I tried to query Ratner via CCR's press counsel, Riptide Communications. "Michael doesn't speak about his political contributions," spokeswoman Mahdis Keshavarz told me.
Forest City Ratner's policy
As noted in my report, Forest City Ratner has recently cut back on its political donations, as Newsday reported (Ratner Breaks the Mold, 1/23/04):
Though [Bruce] Ratner’s company still spends significant funds to lobby City Hall, Ratner a few years ago sharply cut back on donating funds to political campaigns - an unusual move for a real estate developer.
“He decided this was getting him into trouble, because every time he won a project, people would say it was because he gave money,” said former city Parks Commissioner Henry Stern, who has known Ratner for 34 years.
Gifts to Dilan
Michael Ratner and Ranucci each gave $2500 contributions to Dilan on 1/11/06 from the MetroTech address; another pair of $2500 gifts, two days later, had no specified address attached. (Did they realize that MetroTech was a tipoff?)
Why Dilan, who's tight with the Brooklyn political machine? Perhaps because he's been a supporter of Atlantic Yards.In the June/July 2005 issue of the Brooklyn Standard, the State Senator wrote a welcoming letter to the editor, hailing "the fantastic Atlantic Yards project." (Then again, when queried by the Brooklyn Rail, he acknowledged that he was unaware that the Standard was promoting the project and, had he known better, “I don’t think I would have written a letter, no.")
Dilan won his 2004 race by a more than 8 to 1 margin and faces the same Republican today, with no Democratic primary. He doesn't need the money. Were the contributions to ensure his appearance in a Forest City Ratner mailer (right) sent in May?
Why Silver matters?
Michael Ratner and Ranucci each sent $3000 contributions to Assembly Speaker Silver on 6/8/06 via the MetroTech address.
Silver is untouchable as a candidate, but he wields the key vote on the three-person Public Authorities Control Board, which must vote to approve the Atlantic Yards project after the Empire State Development Corporation signs off. It's not a formality; Silver stopped the West Side Stadium.
He's shown no such inclination regarding the Atlantic Yards project, though it's plausible that he could object to the scale and force the project to shrink. Silver will be the focus of some intense lobbying later this year and, indeed, he's already in the loop. The New York Times, in an article today on a modest cut in the project's size, reports:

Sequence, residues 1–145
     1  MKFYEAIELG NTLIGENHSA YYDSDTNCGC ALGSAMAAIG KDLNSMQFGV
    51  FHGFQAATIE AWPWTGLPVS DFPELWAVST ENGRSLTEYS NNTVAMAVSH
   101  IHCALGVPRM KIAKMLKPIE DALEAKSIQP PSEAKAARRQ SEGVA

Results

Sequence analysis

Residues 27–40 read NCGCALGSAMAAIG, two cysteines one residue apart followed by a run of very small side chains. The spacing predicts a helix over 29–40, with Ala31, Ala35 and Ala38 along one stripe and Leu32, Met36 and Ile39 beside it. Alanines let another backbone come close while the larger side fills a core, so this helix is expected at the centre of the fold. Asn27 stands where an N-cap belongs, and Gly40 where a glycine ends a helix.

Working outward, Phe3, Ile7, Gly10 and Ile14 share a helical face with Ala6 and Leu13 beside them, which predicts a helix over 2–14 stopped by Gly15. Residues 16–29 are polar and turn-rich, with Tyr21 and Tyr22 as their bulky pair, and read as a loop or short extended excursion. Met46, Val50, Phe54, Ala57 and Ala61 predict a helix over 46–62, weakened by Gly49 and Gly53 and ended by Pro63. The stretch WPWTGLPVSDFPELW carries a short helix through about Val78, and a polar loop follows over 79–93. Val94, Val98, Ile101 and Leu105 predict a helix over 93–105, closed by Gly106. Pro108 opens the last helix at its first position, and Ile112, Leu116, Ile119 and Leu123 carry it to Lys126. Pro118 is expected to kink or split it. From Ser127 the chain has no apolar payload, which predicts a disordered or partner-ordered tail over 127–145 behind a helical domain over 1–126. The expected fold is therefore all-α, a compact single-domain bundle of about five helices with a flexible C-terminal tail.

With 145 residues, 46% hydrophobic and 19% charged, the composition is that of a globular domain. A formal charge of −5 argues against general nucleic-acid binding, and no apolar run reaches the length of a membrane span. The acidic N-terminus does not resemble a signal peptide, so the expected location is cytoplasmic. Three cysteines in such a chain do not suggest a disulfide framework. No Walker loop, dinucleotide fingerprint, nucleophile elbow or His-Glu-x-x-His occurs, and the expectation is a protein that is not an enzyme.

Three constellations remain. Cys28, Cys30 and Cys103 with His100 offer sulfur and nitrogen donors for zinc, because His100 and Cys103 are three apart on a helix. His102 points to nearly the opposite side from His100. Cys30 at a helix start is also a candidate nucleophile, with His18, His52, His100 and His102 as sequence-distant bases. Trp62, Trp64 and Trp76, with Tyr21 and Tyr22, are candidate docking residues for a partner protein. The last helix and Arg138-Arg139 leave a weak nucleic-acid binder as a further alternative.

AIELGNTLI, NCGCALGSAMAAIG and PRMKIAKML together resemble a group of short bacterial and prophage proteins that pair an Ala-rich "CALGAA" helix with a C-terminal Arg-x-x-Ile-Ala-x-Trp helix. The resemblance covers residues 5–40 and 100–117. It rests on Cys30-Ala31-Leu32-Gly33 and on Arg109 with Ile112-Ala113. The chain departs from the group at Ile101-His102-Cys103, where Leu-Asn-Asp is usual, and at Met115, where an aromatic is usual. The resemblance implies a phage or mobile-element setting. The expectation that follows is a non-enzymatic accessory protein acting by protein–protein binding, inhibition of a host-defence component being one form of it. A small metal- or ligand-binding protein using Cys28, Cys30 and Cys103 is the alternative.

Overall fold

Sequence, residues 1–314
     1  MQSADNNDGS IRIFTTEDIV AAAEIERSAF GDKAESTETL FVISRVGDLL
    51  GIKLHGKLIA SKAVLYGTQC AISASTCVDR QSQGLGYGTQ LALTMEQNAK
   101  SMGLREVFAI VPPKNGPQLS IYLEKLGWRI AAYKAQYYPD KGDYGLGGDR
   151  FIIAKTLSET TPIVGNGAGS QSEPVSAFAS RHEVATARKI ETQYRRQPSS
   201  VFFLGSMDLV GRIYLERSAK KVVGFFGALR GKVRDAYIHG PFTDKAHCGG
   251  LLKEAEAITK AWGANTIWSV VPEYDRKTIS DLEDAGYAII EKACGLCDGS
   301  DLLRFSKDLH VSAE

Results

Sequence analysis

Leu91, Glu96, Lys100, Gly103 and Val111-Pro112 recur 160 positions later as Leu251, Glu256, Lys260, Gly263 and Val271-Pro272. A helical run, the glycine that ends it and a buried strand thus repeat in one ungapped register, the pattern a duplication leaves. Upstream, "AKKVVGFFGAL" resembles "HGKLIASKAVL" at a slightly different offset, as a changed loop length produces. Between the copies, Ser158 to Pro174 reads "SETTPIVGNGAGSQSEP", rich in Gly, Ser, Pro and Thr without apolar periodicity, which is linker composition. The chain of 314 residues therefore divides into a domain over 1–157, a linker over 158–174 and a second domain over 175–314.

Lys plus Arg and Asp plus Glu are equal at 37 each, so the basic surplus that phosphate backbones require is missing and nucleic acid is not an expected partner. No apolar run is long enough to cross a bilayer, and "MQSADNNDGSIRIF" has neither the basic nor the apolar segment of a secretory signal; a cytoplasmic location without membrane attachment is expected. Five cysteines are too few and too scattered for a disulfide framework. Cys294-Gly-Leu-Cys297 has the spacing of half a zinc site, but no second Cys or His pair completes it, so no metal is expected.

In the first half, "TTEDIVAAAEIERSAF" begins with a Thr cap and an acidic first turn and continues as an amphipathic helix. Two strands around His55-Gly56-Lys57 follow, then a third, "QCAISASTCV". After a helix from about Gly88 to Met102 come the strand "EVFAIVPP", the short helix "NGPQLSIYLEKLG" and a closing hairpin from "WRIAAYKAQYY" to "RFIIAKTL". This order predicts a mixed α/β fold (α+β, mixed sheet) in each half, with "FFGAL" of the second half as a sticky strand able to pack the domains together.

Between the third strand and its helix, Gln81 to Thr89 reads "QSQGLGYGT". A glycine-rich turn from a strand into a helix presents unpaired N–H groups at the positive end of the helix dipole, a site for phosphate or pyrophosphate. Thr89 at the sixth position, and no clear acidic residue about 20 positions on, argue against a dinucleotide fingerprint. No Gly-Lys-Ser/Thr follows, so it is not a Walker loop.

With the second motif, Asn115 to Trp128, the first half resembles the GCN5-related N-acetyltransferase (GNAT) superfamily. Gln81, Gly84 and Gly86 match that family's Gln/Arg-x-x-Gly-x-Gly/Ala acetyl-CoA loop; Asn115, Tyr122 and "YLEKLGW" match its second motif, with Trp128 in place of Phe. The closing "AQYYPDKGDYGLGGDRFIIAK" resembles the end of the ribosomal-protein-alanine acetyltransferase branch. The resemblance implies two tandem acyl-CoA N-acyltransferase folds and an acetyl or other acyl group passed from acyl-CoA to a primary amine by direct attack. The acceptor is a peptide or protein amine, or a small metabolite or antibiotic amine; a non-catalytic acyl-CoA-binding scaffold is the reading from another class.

I’ve been told they will modify the project in order to address some of the concerns about the development,” said Assembly Speaker Sheldon Silver, who has supported the project. “I’m not sure all the criticisms will be addressed or that all the critics will be happy. But I understand there will be modifications.”
The state campaign finance database suggests two patterns regarding Michael Ratner's giving. He has supported Manhattan progressives like Assemblymember Glick and State Senator Krueger, likely out of ideological conviction.
On the other hand, Michael Ratner and Ranucci have made regular contributions to Brooklyn clubhouse candidates. They each made $2000 contributions on 1/6/04 to State Senator Carl Kruger [corrected 2/08: I originally had Carl Andrews], $2500 contributions on 9/4/02 to Assemblyman Roger Green, now a leading supporter of the Atlantic Yards plan, and $3100 contributions on 8/2/2000 to Assemblyman and then county Democratic leader Clarence Norman, who early this year received a two- to six-year prison sentence for campaign violations.
Michael Ratner and Ranucci on 10/20/05 each gave $2000 to Clarke, one of the four candidates for the open 11th Congressional District seat. Clarke was considered a leading candidate due to her history in the district and her gender, but has faltered recently after acknowledging she didn't actually graduate from college.